Small scale poultry producers in Wisconsin are finding it harder to get their chickens processed. The state is looking to mobile processing units as a solution, but farmers are wary.
Fifteen years ago, there were six poultry processors in Southern Wisconsin. Today there is one. That's a problem for Dean Zimmerman, a chicken farmer from Wauzeka who has about 25-hundred birds. He says the lack of processors makes it hard to meet the growing demand for locally produced chicken. The state’s efforts to certify a mobile unit could help, but he says it would be better to encourage brick-and-mortar facilities, because it's just as much work for farmers either way.
“No matter what, we have to go out, and we have to gather our birds up the night before," he says. "And we have to load them onto a trailer, and we have to bring them up to the front of the farm. It’s not that much harder to continue on to a processing facility if there was one within an hour.”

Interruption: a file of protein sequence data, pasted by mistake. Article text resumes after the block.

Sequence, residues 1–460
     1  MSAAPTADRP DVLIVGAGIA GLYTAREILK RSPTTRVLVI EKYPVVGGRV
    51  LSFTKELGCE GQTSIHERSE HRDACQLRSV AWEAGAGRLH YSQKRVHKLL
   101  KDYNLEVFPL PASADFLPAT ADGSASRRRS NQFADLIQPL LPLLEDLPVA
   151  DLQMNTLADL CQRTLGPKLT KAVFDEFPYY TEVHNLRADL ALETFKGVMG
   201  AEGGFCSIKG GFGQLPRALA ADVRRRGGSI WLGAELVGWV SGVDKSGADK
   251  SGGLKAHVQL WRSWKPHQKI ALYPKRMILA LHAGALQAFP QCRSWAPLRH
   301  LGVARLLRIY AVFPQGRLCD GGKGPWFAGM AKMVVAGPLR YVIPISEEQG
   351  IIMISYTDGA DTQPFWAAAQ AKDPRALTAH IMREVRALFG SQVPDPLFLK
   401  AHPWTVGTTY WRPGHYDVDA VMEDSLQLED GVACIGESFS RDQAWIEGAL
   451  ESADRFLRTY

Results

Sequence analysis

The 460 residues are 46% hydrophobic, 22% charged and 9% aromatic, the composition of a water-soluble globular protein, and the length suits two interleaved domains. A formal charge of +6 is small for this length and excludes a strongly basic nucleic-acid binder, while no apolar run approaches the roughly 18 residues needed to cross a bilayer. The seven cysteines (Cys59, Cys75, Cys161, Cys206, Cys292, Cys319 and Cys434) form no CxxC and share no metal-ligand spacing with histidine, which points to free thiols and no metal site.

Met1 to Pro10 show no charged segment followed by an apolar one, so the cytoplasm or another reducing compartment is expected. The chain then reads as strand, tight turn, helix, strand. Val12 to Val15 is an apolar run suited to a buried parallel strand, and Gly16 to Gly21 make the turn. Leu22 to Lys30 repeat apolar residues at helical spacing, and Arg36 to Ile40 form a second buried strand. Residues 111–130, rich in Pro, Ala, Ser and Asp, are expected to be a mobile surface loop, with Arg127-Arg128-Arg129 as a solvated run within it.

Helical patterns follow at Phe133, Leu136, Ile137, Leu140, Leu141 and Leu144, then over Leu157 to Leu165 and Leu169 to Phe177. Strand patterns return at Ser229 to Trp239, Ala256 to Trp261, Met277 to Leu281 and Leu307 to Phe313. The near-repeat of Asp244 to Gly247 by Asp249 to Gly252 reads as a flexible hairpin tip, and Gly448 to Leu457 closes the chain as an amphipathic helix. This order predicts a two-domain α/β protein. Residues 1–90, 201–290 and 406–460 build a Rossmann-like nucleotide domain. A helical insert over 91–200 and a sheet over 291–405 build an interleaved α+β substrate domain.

Wisconsin is the third state to experiment with mobile chicken processing. Director for Wisconsin’s Meat Safety and Inspection Bureau Cindy Klug says mobile units are appealing because they can help farmers over a larger geographical area. But she concedes its unlikely there will ever be enough processors to restore the number of brick and mortar facilities in the state.
“It’s very labor intensive," she says. "It also takes a lot of people. It’s almost like a dying art. There aren’t people who know how to do that anymore.”
A mobile unit was recently certified, but the owner is not yet working with farmers. Klug says she expects there will be two operational units by next spring.